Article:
In a nation torn apart over a war in a faraway land, cancer could become a consensus point, it looks like.
Cyclist Lance Armstrong seems to be succeeding in his efforts to push cancer funding to the top of the national agenda as the presidential election is nearing.
At the presidential forums he organized at Iowa the last two days, those candidates who showed up agreed that there was a dire need to step up funding, of course the Democrats were far more vociferous.
The Democratic candidates attacked the Bush administration for cutting research money to the National Cancer Institute.
'The current administration has literally called a halt in the war against cancer,' Hillary Clinton said, adding that 'the president of the United States has been leading an assault on science and research.'
She herself had to face some embarrassing moments when her rival John Edwards blamed her for being too close to industry lobbyists.
Edwards, a former North Carolina senator, has continually chided Clinton, a New York senator, for taking campaign donations from special-interest lobbyists. He said it was the healthcare industry's actions that led to her failure as first lady to get national health care enacted in the early 1990s.
'I believe that the insurance companies, the drug companies and their lobbyists killed the healthcare reform that was attempted in the 1990s by Sen. Clinton, and we applaud her for her work. But I think they're the people who killed it,' Edwards said.
'My lesson [from that] is not the same as hers. Her lesson is, 'Give them a seat at the table,'' Edwards said. 'I think if you give drug companies and insurance companies and their lobbyists a seat at the table, they'll eat all the food.'
Clinton maintained that industry contributions she has received as a candidate have not stopped her from pushing expanded healthcare initiatives and changes in pharmaceutical regulations.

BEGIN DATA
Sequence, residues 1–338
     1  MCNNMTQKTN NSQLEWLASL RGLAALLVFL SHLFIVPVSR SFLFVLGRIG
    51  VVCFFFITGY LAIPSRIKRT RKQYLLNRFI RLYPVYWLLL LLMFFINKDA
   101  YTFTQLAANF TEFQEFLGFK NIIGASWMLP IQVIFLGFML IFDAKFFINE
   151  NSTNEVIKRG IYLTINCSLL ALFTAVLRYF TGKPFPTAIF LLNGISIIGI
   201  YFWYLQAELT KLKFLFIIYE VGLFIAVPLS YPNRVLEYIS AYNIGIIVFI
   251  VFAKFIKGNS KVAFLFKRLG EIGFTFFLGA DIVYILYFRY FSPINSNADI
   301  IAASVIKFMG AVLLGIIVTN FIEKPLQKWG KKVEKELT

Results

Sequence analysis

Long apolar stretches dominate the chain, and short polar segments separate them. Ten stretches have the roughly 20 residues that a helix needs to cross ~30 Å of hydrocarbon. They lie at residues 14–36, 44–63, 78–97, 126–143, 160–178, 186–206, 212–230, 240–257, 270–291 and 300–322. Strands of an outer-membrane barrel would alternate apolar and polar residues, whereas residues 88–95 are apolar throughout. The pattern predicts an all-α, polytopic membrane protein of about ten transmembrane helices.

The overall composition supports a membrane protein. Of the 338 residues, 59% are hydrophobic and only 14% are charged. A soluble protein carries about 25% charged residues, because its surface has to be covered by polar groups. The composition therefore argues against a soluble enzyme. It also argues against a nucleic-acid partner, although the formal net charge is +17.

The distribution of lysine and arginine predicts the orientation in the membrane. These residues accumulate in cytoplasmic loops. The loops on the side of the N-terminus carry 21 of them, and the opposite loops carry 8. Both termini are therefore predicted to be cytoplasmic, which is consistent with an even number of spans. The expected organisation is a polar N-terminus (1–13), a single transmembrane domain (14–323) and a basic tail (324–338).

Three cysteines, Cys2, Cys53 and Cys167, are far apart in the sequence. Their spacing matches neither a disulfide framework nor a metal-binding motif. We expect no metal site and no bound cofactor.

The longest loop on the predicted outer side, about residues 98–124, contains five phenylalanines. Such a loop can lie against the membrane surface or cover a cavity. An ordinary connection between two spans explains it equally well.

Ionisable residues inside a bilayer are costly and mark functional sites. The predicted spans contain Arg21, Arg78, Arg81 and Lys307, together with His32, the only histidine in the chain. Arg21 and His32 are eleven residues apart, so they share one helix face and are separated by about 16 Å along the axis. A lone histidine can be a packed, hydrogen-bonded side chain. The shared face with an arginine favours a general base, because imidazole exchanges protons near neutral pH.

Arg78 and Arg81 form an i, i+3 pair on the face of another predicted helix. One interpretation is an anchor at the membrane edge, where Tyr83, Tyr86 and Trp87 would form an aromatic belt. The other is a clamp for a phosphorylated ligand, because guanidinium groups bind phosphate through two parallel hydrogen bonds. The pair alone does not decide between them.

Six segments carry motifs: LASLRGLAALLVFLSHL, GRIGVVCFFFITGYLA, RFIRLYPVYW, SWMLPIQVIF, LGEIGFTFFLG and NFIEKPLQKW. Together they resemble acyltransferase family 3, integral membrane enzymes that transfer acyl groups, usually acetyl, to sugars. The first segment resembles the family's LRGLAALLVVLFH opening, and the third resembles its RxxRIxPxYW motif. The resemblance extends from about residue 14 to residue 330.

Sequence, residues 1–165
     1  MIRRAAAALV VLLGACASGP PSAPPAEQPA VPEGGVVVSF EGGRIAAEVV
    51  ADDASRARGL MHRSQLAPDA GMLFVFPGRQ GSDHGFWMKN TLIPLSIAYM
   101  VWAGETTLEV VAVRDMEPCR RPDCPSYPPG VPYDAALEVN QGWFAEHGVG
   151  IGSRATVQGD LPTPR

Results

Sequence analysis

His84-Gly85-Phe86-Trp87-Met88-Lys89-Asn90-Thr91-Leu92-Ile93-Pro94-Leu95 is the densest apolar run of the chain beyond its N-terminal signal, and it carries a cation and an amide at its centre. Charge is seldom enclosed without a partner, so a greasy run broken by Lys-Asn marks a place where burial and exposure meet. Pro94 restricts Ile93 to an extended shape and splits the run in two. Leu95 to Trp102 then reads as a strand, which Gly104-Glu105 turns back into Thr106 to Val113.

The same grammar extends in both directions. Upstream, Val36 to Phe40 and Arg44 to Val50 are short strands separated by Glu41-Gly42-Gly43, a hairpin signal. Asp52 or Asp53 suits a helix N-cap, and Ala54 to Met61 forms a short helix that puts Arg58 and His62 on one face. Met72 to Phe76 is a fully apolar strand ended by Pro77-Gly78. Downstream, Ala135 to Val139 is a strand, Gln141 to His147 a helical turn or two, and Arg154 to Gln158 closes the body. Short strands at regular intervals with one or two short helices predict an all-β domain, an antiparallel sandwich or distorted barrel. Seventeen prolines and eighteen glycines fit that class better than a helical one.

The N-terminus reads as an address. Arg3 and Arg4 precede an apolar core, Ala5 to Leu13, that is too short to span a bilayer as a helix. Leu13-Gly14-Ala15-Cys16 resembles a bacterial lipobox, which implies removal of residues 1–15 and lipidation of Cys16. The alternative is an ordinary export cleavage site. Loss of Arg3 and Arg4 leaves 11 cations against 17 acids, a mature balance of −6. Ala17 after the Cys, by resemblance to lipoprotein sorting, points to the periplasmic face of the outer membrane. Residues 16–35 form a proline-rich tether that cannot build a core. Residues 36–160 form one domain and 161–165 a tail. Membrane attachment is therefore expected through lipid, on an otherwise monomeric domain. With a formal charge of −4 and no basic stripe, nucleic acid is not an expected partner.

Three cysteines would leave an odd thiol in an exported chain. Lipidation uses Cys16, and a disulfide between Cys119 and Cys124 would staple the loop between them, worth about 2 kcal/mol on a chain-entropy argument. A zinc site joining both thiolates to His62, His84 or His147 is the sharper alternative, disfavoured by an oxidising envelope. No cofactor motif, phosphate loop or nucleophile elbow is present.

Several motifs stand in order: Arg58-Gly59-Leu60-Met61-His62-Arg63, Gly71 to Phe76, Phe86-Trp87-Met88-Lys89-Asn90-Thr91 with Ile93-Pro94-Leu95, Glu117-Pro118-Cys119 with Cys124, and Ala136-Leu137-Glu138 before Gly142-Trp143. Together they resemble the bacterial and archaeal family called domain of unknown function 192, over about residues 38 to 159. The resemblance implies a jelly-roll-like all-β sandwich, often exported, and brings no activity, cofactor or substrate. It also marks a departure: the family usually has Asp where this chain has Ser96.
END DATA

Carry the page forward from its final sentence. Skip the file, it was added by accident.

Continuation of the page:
'I believe in working with everybody and being influenced by nobody,' Clinton said. 'I think that the idea that we need a national health-care system is great, and I'm all for it and I'm going to make sure that it happens.'
Whatever the exchanges among themselves, the fact remains all the four Democrats committed themselves to at least doubling the $5 billion spent annually for cancer research—in other words, to backing a 'surge' in the long-neglected war on cancer. Considering that cancer kills 550,000 Americans a year (that's 1,500 a day—the leading cause of death for those under 85), it's about time. As Bill Richardson said, 'it's pathetic' that we now spend the same in two weeks in Iraq as we spend all year fighting cancer.
The candidates also said expansion of health-care coverage to the millions of uninsured Americans was crucial to fighting cancer. 'We so desperately need universal health care,' Edwards said.
He took note of the millions of people with cancer who don't have the advantages he and his wife Elizabeth enjoy. They lose all their money, he said, on top of getting sick. But even the Edwardses cannot read their incomprehensible medical bills.
And Edwards, along with the other candidates, believes that insurance companies often limit necessary treatment. He also noted that only two in 10 proposals for cancer research get funded these days. This is driving young reseachers out of oncology toward other fields, dramatically slowing the search for cures. Until recently, when cancer budgets were cut by President Bush, it was five of 10.
On the second day of Lance Armstrong's Livestrong Presidential Cancer Forum, only two of the eight invited Republican candidates showed up.
Senator Brownback, himself a melanoma survivor, scored some points by emphasizing his efforts to ease the availability of experimental drugs for end-stage cancer patients, which the FDA continues to make difficult, at a cost of thousands of lives.
He, however, refused to be pinned down on cancer research funding. He said he wanted to start with a pledge to end cancer deaths in ten years, then assess how much money would be required. Arkansas Governor Mike Huckabee talked about a food-stamp program that would offer financial incentives for healthy choices, so that a dollar in food stamps would buy $1.25 worth of fruit and vegetables but only 75 cents worth of junk food.
Both had to wrestle a lot of questions on health-related issues at the forum, and that is a welcome change from the usual campaign din.
Every candidate will now be asked: Do you favor doubling the funding for cancer research? And if not, to what better use would you put that money?
Ultimately, politicians are forced to deal with the real issues in people's lives. With cancer touching every family in the country, we may be seeing the beginning of new priorities in the big tent of American politics, columnist Jonathan Alter remarked.